Why cryptocurrencies are like bubbles
commentTesla and Bitcoin: The Tescoin Bubble is here
Bubbles in the capital markets only get their name afterwards. Nobody knew what subprime was before the market started to collapse in 2007 (please contact banks in Düsseldorf for further information). And that dotcom would become a bubble also only really became apparent when it was already too late for many investors to exit the Neuer Markt. The mother of all crashes, Black Thursday of 1929, which only arrived on the Berlin Stock Exchange on Friday and coined the term “Black Friday” in this country, was initially just a setback on the US stock market. Only after a certain time did it become apparent that the party was over on that day.
The capital market is currently discussing intensively whether it could have already inflated into a bubble, especially in the case of stocks. The discussion alone could counteract this, because bubbles usually burst for unpredictable reasons and are not hedged by hedging transactions. But should it come to a bubble and burst, it has had a name since Monday: Tescoin-Bubble.
Because this Monday came together what goes together in terms of overvaluation: Tesla shares and Bitcoin. Both have an extremely strong price increase behind them, the Bitcoin was traded at over $ 43,000 today.
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The share of the electric car pioneer is considered to be massively overvalued and whether the crypto asset Bitcoin has any value at all is a matter of dispute. There is no central bank behind Bitcoin, which is why the cryptocurrency is popular with many who believe in the collapse of the monetary system and for whom gold is not technology-savvy enough. But without a central bank, a Bitcoin is only worth as much as the next buyer is willing to pay. That's why it's a pretty risky bet as a store of value. If many want to take profits at once, then the price is likely to collapse. And that brings us back to Tesla.
Just a marketing ploy?
The company announced on Monday that it had invested around $ 1.5 billion in Bitcoin. It also plans to start accepting Bitcoin payments for its cars and other products soon. Before everyone freaks out: As long as the prices for the cars and other products are shown in dollars and euros and can be transferred to Bitcoin with the current exchange rate, that's just a nice marketing trick. Only if the company fixed the price of a vehicle in Bitcoin could it be a game changer for crypto assets. Then it would be time to sell Tesla shares at the latest. Who wants to invest their money in a company whose calculation base is as volatile as the currency of a crisis-ridden emerging market?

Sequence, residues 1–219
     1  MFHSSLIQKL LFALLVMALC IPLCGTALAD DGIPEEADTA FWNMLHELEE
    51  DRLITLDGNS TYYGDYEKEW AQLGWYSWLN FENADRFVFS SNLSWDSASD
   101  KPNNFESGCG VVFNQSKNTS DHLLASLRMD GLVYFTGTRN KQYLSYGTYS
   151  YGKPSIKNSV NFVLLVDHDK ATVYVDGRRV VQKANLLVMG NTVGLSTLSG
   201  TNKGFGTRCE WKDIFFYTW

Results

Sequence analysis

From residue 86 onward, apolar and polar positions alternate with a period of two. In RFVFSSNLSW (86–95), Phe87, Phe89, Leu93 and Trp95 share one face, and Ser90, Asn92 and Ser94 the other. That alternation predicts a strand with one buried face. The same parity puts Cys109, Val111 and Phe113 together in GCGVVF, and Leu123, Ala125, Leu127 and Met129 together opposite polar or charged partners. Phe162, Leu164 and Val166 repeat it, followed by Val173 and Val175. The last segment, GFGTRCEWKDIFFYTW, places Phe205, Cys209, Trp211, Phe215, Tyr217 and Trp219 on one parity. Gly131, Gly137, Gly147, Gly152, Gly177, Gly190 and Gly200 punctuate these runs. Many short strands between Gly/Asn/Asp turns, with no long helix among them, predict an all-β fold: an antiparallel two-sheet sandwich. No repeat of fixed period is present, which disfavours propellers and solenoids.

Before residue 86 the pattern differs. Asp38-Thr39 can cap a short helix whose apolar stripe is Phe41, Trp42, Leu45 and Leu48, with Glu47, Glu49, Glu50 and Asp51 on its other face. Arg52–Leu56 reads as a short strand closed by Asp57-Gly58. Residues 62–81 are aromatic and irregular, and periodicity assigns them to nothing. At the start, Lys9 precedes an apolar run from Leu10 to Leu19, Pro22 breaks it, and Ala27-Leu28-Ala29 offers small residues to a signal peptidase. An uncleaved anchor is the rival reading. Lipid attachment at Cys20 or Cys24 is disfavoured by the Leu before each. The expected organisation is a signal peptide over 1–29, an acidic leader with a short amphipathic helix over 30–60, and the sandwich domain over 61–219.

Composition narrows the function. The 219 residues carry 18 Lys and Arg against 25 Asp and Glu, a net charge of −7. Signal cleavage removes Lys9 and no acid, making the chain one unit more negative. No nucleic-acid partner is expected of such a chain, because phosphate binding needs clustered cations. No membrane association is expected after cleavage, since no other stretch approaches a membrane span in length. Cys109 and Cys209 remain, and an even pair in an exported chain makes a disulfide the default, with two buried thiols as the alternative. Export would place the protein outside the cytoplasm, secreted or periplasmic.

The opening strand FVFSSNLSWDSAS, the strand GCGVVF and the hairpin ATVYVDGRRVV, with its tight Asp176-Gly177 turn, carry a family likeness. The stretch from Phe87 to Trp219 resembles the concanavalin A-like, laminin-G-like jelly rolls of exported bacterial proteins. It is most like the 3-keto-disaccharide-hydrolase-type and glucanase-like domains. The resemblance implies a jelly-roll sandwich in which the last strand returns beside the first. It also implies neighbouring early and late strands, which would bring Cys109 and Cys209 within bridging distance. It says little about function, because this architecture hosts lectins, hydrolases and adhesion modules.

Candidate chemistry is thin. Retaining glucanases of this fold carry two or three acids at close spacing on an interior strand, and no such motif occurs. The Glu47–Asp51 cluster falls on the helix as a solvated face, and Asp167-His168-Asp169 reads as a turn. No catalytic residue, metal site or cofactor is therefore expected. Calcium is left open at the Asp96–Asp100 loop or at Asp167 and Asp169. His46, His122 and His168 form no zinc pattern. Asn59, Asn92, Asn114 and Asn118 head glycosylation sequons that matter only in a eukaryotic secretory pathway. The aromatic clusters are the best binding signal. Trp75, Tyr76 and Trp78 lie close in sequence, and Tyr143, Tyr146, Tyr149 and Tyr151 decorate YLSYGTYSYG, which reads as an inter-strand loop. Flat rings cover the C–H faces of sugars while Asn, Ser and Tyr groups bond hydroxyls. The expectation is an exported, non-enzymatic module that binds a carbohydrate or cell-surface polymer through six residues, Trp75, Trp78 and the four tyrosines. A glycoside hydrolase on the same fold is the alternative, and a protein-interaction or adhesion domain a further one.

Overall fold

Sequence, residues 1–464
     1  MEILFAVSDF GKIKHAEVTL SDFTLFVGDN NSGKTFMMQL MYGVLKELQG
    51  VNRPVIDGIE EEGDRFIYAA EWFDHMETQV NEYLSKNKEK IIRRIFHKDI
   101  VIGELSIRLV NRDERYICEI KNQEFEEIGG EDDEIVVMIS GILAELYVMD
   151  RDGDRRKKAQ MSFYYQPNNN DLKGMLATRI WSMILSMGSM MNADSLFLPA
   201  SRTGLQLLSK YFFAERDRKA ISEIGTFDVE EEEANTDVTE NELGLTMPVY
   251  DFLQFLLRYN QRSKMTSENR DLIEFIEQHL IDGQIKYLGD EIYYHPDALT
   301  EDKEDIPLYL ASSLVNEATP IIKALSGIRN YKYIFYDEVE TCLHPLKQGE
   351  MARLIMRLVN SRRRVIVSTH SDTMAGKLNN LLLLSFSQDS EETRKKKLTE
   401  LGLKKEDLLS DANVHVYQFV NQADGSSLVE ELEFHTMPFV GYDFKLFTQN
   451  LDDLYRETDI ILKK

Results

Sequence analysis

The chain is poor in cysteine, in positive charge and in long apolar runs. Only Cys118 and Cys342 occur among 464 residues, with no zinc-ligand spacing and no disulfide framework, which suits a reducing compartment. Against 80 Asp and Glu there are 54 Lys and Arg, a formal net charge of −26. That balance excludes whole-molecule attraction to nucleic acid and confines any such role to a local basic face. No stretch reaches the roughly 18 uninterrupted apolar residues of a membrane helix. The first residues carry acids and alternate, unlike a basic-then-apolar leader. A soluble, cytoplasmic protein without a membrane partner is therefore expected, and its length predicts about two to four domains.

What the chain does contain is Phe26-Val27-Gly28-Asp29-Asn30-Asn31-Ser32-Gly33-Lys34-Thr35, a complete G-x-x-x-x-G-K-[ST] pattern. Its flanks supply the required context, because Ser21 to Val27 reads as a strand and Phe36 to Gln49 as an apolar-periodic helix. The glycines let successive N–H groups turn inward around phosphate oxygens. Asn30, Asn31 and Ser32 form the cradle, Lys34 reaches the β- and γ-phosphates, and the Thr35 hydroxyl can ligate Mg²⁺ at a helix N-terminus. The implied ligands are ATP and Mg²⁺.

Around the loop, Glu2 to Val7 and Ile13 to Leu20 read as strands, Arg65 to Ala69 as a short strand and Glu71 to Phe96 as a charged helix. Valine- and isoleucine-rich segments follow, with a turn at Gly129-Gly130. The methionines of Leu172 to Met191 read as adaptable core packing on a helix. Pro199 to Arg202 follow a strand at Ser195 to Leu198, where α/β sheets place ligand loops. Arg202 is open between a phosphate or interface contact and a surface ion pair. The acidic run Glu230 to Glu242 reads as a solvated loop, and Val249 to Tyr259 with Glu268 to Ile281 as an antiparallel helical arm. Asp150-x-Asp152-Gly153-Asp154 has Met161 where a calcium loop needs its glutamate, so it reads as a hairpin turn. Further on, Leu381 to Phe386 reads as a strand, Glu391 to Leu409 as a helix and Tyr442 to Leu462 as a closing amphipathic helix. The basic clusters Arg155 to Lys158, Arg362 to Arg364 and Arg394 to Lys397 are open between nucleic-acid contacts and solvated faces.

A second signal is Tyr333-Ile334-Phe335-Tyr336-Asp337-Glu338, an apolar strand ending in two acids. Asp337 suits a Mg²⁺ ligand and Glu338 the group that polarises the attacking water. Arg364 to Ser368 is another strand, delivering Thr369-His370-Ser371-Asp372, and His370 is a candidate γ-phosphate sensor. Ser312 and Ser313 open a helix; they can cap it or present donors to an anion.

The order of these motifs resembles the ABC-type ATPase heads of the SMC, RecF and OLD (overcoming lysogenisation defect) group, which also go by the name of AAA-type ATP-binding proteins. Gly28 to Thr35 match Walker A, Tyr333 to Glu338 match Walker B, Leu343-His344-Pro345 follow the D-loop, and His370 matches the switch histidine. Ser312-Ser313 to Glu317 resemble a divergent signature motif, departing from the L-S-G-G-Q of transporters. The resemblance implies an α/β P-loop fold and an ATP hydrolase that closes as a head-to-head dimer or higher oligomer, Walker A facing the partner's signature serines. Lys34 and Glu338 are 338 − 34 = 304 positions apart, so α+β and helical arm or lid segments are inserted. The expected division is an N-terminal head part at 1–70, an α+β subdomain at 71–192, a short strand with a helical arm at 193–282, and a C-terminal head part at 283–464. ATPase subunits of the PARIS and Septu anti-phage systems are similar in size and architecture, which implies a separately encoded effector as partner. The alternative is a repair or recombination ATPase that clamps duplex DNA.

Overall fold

Tesla boss Elon Musk has, you have to give him that, definitely shown chutzpah. It remains to be seen, however, whether the US securities regulator can be overridden as easily as the German planning law in the Grünheide affair. Because Musk tweeted a week ago that Bitcoin was "on the cusp" of being accepted by investors. If the Securities and Exchange Commission takes the young pack of young people who gambled with Gamestop shares to the chest, then they should examine Musk's Bitcoin statement even more. The question is whether he either tweeted up the price after Tesla bought it - or whether the company didn't take ad hoc duties seriously.
But no matter how the SEC acts, investors shouldn't jump on the hype now. Yes, Bitcoin can go up further, but the risk of a crash just keeps increasing. The same applies to the hot Tesla share. It is obviously a sustainable company that builds good cars. But the price is already way ahead of the share. Anyone who owns one of the two assets can take profits - before everyone has the idea.
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